Pancreatic transplant surgery is a highly specialized transplantation procedure typically reserved for people living with type 1 diabetes. By transplanting a functioning pancreas into the patient, the body can control blood sugar levels, which eliminates the need for insulin. In some cases, pancreas transplant can slow the progression of diabetes and reverse complications such as damage to the eyes and nerves.
You may be a candidate for pancreas transplantation if you have type 1 diabetes and have developed severe complications, such as:
- Kidney disease (nephropathy) that is end-stage and may requires dialysis or a kidney transplant
- Eye problems (retinopathy)
- Nerve discomfort (neuropathy)
- Inability to sense when your blood sugar is low ("hypoglycemic unawareness"), a life-threatening condition
- Incapacitating clinical and emotional problems associated with insulin therapy
- Consistent failure of insulin treatment to manage diabetes complications
Under some circumstances, pancreas transplantations are also beneficial for type 2 diabetics.
Our Transplant Team
NewYork-Presbyterian is a leader in pancreas transplantation in the northeastern United States. As part of a large academic medical center, our transplant teams can call upon the expertise of a wide range of healthcare providers, ensuring that you receive the most advanced, multidisciplinary care.
Our pancreas transplant care team draws on the knowledge, experience, and talent of healthcare professionals from a variety of subspecialty areas, including:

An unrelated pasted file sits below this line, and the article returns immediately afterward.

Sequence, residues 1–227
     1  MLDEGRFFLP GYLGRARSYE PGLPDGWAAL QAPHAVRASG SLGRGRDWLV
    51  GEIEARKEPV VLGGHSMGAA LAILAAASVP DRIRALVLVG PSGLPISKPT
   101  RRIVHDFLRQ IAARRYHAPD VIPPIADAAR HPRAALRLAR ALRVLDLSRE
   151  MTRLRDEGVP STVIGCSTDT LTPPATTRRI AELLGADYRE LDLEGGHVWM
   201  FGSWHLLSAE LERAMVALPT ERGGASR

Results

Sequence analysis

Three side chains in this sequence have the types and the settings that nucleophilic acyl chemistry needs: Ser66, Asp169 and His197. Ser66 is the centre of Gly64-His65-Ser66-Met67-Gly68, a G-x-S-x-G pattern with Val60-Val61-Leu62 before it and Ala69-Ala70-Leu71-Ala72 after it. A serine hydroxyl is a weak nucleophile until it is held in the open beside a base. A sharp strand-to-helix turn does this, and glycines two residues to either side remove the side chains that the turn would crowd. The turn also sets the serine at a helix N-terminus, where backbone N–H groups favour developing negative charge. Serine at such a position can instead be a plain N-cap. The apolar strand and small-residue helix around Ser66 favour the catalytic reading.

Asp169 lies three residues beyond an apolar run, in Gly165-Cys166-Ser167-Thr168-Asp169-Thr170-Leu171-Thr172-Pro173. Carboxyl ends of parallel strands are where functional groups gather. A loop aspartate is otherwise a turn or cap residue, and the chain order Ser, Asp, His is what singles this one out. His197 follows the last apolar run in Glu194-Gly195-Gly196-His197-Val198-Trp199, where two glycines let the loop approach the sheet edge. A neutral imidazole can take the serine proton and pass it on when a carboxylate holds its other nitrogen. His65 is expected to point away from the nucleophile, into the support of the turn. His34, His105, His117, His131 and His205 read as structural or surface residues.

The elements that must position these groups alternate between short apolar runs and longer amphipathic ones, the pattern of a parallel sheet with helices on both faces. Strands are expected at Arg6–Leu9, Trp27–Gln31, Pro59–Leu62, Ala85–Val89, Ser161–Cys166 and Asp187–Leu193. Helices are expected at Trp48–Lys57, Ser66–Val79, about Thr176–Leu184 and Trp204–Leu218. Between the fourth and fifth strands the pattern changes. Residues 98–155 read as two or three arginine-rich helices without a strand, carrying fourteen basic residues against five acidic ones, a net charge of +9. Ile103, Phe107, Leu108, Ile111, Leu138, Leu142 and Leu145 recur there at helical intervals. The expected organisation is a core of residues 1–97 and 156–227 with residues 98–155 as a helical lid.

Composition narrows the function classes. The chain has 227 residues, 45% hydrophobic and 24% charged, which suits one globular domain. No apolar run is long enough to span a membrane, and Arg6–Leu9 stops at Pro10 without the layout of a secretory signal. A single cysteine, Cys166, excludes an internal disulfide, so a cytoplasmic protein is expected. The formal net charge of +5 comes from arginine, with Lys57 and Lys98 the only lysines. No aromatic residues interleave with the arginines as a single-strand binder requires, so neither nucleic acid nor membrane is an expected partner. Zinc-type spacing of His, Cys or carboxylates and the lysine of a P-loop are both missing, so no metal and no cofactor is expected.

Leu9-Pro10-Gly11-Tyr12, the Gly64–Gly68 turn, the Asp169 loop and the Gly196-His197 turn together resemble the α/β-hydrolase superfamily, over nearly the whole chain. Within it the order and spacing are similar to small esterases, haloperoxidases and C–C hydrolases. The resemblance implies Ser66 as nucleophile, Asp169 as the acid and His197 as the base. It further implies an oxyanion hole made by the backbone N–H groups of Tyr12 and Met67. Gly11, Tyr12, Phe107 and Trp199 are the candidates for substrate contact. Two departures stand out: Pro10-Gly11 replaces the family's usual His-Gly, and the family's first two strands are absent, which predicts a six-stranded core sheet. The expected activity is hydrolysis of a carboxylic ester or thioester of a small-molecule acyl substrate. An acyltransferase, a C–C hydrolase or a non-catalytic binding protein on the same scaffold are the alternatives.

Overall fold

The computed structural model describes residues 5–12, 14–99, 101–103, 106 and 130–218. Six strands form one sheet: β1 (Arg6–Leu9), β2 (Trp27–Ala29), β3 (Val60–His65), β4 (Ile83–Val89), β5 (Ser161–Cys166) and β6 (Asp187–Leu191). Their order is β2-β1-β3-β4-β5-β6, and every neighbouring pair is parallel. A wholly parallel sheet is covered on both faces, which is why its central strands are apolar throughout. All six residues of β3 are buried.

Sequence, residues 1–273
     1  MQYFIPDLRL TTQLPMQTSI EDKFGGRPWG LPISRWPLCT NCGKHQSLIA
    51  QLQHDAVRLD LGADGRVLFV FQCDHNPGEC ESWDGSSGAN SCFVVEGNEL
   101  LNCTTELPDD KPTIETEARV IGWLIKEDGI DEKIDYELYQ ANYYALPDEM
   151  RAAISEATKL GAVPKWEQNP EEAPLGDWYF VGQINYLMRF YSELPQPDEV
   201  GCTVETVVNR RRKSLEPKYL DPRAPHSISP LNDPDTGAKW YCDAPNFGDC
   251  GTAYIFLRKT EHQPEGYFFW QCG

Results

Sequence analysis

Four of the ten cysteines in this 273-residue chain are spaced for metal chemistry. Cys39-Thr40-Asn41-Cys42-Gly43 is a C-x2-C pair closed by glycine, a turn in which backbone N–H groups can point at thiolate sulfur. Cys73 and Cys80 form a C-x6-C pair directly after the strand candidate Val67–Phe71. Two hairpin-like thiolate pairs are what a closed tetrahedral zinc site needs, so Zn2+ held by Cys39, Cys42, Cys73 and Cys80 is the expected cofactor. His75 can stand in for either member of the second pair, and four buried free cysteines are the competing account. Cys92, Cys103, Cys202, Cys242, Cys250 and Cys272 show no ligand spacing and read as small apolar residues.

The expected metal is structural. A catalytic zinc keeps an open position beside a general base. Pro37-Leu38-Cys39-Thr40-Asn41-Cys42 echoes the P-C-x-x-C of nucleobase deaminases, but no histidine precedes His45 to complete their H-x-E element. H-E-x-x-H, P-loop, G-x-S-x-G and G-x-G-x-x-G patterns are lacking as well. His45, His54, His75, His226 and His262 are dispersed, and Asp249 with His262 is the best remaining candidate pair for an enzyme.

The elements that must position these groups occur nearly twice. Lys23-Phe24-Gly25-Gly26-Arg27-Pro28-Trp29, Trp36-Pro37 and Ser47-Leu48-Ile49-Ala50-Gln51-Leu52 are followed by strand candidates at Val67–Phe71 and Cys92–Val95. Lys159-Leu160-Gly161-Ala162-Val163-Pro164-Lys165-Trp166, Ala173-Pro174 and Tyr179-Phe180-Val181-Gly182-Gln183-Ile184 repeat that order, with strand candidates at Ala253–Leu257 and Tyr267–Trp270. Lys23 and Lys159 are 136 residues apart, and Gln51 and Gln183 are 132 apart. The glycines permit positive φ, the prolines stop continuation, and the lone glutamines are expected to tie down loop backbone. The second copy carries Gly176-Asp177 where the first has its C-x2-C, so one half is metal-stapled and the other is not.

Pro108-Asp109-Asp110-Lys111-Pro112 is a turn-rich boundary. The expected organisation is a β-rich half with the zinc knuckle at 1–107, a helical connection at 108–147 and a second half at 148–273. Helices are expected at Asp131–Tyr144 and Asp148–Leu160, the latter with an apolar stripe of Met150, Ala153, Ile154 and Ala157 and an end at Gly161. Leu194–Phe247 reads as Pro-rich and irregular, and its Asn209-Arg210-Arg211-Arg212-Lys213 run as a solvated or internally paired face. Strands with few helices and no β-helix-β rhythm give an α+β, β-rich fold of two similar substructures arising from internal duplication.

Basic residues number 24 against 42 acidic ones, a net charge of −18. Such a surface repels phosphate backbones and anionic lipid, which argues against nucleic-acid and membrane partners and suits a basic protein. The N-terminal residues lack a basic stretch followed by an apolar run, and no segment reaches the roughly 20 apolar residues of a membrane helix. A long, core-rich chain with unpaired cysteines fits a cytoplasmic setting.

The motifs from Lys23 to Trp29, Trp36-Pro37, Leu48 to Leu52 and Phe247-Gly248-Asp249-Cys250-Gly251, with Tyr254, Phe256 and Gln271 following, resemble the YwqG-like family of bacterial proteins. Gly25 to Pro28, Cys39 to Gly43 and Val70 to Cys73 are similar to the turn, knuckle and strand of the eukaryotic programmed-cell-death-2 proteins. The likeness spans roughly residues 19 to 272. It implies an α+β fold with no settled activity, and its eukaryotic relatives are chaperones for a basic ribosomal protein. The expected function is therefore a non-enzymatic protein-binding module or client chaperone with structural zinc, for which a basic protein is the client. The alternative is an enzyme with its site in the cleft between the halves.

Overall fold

- Social Workers
- Transplant Coordinators
- Transplant Surgeons
Pancreas Transplant Options
- Pancreas transplantation alone. We perform this procedure in people without kidney disease who have life-threatening complications of diabetes, such as hypoglycemic unawareness.
- Pancreas-kidney transplantation. This is an option for people who also need a kidney transplant but do not have a living donor; they are placed on the deceased donor waiting list for a donor who can provide both organs. Transplanting the pancreas and kidney at the same time not only treats the diabetes, but also allows the transplanted pancreas to protect the new kidney from the damage caused by diabetes.
- Pancreas after kidney transplantation. This option is for people who have already received a kidney transplant and qualify for a pancreas transplant due to their inability to control their diabetes despite aggressive medical care.
Benefits, Risks & Outcomes
Replacing a non-functioning organ with a healthy organ gives patients suffering from chronic diseases like diabetes and kidney disease an opportunity to live a full life. As with any medical or surgical procedure, there are risks and benefits involved that should be discussed with your healthcare providers and your family.
In general, patients who have had successful pancreas transplant report the following benefits:
- Increased freedom. Patients who undergo pancreas transplant no longer spend hours of their day controlling their blood surgery, taking insulin, or being restricted to a specialized diet.
- Decreased diabetic complications. Pancreas transplant patients see a significant reduction or an end to their diabetes-related side effects.
- Slower disease progression. Most people with nerve damage due to diabetes find that after their pancreas transplant the damage does not get worse and in some cases, the nerves begin to repair.
Transplant patients do need to adhere to a healthy diet after surgery and will be on immunosuppressant drugs to prevent organ rejection.
NewYork-Presbyterian is one of a few locations in the state offering pancreas transplantation. As one of the top hospitals in the nation, associated with two Ivy League institutions, patients at our medical centers have access to the latest surgical and medical technology, which improves patient outcomes and helps you get back to a healthy life more quickly.
NewYork-Presbyterian/Columbia University Irving Medical Center
Renal & Pancreatic Transplant Program
NewYork-Presbyterian/Weill Cornell Medical Center
Kidney & Pancreas Transplant Program